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Otzi’s in Copper Age wore a lot of leather garments: study

Otzi’s in Copper Age wore a lot of leather garments: study

The archaeologists have revealed how Otzi and other people in Copper Age manufactured their garments. A whole mitochondria analysis of the Tyrolean Iceman’s leather gives insights into the animal sources of Copper Age clothing, says the recent study, published in Nature. The 5,300-year-old Iceman wore a lot of leather, says the study.

According to the archaeologists’ study, which was concentrated on the mitochondria analysis of Ötzi (found in Italian Alps in 1991), his garment was made of wild species. Scientists revealed that was brown bear leather and roe deer. The mummy of Iceman from Tyrol is perfect sample of the garments of Copper Age, say the archaeologists.

A 5,300-year-old natural mummy gives a surviving example of ancient leather and fur manufacturing technologies, which are extremely interesting for biologists and genetics.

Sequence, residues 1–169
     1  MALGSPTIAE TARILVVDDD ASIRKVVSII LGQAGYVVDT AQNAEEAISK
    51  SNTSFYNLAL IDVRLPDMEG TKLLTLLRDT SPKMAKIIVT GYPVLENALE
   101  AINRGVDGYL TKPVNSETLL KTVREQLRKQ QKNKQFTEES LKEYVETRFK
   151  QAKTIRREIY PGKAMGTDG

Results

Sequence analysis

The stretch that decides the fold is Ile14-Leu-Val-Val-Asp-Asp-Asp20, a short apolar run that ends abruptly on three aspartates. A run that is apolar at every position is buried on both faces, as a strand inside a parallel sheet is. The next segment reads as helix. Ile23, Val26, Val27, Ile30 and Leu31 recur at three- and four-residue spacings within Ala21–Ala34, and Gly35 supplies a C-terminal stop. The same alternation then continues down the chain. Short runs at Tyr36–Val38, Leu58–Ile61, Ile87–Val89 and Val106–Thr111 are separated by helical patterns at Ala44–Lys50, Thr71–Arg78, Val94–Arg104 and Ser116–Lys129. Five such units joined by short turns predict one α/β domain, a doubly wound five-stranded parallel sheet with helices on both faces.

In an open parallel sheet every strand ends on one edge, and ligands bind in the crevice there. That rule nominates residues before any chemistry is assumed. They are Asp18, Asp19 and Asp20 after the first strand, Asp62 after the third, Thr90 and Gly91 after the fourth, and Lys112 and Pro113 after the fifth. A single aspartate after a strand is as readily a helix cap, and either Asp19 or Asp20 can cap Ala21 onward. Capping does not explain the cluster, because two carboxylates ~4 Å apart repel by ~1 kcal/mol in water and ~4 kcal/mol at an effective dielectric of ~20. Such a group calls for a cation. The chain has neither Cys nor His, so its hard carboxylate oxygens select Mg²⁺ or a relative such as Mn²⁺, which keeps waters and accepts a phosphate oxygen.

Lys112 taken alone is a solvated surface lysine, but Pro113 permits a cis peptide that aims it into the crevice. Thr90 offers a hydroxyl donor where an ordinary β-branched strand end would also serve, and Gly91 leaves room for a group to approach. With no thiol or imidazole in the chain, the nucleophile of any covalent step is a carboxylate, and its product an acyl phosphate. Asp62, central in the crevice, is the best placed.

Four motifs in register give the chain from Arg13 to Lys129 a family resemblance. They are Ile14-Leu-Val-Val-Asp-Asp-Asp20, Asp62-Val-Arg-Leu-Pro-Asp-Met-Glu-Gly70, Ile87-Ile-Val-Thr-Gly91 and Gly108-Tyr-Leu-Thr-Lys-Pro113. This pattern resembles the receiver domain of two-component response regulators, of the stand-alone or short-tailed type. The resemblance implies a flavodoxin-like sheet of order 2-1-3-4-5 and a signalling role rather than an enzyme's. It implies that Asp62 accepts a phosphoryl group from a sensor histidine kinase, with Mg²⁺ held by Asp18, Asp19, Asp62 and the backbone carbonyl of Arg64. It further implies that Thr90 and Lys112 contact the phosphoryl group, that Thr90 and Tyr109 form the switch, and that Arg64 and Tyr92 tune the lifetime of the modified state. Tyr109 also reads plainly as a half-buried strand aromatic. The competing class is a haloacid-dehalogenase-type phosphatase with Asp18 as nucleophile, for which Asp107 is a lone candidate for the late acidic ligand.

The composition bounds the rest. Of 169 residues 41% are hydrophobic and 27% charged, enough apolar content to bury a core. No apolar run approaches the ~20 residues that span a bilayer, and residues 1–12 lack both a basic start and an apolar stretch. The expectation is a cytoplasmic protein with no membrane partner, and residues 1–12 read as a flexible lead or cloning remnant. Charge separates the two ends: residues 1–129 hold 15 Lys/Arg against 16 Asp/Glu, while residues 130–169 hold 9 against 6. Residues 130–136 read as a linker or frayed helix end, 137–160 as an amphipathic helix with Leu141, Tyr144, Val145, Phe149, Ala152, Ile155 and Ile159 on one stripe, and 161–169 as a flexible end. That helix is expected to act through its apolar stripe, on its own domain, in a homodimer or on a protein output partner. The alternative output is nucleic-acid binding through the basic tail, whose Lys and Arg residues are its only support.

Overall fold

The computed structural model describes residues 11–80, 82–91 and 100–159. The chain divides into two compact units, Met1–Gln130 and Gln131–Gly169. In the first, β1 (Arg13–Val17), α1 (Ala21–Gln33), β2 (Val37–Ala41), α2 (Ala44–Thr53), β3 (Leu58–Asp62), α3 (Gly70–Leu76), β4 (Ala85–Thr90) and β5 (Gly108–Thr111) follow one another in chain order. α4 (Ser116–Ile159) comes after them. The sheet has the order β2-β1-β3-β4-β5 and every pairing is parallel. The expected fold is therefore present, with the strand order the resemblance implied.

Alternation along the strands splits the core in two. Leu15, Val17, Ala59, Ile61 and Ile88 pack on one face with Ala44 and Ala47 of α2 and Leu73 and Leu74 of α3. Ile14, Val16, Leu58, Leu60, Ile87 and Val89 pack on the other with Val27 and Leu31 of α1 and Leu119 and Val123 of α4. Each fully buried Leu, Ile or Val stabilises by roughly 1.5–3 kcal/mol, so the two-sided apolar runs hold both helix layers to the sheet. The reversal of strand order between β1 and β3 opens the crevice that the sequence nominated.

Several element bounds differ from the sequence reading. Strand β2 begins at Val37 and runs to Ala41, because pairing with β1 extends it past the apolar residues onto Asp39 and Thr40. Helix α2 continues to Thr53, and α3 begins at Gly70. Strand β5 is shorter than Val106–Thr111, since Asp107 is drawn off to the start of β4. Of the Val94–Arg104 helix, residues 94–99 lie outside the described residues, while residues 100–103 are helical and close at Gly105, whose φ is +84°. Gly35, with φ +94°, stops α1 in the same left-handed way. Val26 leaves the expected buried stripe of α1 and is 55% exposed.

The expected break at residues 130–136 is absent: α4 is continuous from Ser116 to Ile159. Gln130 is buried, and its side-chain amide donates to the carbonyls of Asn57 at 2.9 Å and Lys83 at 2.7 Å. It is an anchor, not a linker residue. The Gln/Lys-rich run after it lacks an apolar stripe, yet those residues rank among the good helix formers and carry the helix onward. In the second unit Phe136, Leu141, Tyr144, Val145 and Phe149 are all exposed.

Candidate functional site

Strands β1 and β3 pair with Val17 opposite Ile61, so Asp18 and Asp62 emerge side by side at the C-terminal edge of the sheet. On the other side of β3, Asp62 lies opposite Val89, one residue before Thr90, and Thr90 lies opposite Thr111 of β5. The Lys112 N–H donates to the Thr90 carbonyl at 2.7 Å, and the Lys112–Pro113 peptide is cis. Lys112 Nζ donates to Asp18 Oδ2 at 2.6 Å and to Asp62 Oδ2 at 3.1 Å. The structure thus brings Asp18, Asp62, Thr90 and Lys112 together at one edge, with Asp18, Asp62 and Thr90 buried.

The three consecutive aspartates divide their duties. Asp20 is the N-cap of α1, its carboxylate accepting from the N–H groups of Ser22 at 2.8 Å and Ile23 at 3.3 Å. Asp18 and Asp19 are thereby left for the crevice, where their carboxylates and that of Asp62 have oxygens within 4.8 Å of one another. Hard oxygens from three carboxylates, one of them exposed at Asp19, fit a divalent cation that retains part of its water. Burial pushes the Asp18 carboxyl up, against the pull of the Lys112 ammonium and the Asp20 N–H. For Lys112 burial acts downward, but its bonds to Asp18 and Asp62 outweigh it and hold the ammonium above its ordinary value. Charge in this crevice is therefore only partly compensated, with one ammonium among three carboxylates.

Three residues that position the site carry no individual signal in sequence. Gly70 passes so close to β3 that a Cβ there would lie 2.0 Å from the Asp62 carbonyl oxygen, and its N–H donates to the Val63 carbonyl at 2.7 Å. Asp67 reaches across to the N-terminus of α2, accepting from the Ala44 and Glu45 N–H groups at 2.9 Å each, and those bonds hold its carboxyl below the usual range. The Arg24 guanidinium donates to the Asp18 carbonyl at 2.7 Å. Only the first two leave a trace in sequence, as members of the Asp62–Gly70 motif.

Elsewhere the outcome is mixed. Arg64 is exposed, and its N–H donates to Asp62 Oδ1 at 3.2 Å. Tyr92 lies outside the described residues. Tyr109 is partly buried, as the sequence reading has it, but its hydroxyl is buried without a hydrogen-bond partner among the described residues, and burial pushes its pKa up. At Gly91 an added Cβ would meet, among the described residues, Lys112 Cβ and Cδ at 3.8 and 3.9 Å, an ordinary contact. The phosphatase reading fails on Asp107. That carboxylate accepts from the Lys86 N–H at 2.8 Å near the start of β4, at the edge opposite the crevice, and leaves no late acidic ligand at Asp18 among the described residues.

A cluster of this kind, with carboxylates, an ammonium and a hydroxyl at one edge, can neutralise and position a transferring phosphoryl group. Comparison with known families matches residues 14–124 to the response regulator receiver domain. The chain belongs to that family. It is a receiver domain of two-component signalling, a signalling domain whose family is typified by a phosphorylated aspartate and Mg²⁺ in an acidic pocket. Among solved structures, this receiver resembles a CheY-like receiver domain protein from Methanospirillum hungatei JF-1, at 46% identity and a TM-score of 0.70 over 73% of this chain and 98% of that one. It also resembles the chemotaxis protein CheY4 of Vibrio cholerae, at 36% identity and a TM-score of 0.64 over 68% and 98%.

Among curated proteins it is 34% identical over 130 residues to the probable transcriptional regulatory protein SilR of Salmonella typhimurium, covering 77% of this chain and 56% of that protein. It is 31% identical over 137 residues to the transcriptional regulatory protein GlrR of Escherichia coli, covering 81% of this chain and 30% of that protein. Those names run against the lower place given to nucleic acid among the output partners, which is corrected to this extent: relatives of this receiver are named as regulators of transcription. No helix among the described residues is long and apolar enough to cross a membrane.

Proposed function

A mitochondrial genome’s analysis showed that Otzi’s clothing was made of samples originate from domestic ungulate species. These are cattle, sheep and goat, and leather of animals was combining by the ancient people, says the study. Thus, the Copper Age populations made considered choices of clothing material from both the wild and domestic populations available to them.

Otzi's wardrobe: a lot of leather, study reveals

Otzi’s wardrobe: a lot of leather, study reveals

In a study published today in Nature Scientific Reports, they discovered that some of the material came from wild animals. This is difficult to do: the material is old and has been processed so much that little of the original DNA remains.